If you or the other parent has a job opportunity, new relationship, educational opportunity or other promising reason to leave the area, relocation may be considered. However, Tennessee law requires any parent planning to relocate with the child out of state or more than 50 miles away from the other parent to give notice to the other parent. The other parent will then have the right to object to the move. If the parents cannot reach an agreement, the parent wishing to move will need to modify the parenting plan. The court will consider whether the move is in the child’s best interest and how the move might impact the child’s relationship with the parent who is not moving.

Child Support Modifications

An existing child support order may be modified upon application by either parent, but only if the court finds that a significant variance exists between the current child support obligation and the proposed child support amount. The child support guidelines define the significant variance as a 15% variance in the child support obligation. This modification generally takes place when one of the parents’ incomes increases or decreases significantly. In the event of an income decrease for one of the parents, the court will determine whether the decrease is due to the parent’s voluntary underemployment or not.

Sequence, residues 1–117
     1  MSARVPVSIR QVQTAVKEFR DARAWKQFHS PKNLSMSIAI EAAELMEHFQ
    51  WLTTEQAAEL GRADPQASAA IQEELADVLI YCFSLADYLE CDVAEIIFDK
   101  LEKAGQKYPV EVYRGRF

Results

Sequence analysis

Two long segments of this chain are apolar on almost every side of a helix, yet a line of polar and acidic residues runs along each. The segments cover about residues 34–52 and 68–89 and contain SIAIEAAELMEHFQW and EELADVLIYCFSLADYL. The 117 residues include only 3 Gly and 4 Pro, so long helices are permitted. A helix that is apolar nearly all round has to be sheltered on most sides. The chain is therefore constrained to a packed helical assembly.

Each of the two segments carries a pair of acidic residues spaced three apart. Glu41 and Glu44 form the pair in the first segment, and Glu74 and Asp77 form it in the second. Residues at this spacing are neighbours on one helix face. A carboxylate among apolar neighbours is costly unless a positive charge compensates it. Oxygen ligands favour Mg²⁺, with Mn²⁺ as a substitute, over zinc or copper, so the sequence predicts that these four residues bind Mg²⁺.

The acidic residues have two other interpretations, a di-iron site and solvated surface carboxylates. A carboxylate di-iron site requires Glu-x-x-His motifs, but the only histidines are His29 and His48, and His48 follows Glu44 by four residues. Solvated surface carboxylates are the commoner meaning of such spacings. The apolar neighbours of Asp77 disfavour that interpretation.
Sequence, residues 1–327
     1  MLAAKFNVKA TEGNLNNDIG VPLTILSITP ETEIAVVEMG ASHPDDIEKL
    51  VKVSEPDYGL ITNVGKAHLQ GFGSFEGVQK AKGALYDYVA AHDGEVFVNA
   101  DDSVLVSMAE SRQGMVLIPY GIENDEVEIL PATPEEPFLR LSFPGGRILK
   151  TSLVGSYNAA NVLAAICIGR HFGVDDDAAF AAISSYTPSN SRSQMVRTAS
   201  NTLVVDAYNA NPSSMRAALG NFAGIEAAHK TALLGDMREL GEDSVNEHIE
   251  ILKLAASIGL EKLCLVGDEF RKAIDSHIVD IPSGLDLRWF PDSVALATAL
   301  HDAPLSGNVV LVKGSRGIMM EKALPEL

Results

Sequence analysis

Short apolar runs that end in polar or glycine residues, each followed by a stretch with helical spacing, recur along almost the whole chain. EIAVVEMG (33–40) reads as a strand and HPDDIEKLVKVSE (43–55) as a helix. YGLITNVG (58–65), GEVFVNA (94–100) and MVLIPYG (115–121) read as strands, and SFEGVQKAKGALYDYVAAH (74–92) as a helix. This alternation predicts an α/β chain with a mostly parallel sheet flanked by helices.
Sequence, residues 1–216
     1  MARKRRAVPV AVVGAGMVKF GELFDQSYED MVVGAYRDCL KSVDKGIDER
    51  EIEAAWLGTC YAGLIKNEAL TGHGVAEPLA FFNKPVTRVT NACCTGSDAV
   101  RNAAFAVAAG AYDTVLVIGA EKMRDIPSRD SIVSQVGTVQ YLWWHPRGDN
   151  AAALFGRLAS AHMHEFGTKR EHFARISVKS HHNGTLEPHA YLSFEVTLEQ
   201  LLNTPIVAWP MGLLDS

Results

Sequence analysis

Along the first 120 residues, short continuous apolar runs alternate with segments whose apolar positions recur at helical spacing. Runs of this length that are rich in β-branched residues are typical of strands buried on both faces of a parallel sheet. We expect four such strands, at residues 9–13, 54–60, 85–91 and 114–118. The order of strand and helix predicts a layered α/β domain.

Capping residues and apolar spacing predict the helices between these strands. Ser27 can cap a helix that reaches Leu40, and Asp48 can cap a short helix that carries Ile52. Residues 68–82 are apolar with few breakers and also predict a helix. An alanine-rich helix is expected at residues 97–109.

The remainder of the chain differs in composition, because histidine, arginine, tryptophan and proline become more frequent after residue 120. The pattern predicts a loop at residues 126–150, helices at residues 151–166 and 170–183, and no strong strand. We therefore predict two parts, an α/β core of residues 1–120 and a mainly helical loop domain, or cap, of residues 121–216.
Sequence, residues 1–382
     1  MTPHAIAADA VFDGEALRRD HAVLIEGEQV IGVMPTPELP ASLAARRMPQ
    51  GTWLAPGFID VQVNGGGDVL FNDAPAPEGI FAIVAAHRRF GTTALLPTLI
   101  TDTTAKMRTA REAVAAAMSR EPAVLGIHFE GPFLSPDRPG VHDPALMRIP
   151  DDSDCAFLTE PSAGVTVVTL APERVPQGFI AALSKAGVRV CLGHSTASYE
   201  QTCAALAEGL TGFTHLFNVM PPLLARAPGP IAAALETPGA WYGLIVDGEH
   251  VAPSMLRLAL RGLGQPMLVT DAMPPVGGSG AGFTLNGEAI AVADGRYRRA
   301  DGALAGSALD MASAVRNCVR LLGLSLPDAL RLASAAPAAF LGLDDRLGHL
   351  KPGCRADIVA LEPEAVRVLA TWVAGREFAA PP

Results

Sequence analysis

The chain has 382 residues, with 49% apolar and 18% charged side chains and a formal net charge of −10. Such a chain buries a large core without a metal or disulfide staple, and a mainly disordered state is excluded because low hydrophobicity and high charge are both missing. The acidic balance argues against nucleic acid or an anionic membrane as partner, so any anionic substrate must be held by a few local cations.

In Tennessee, the child support obligation is calculated using a formula known as an income shares model. In the income shares model, the gross monthly incomes of each of the parents are entered into an equation, as is the number of nights per year that the child spends with each of the parents. The child support amount reflects credits that each parent may receive for medical and health care premiums and work-related child care expenses. The child support obligation may deviate upward or downward, depending on the specific circumstances of the case. For example, the court may approve a downward deviation in the child support obligation if the obligor parent is paying for all private school tuition or all extracurricular or sporting activities. Any deviation from the child support worksheet amount must be specifically outlined and approved by the court.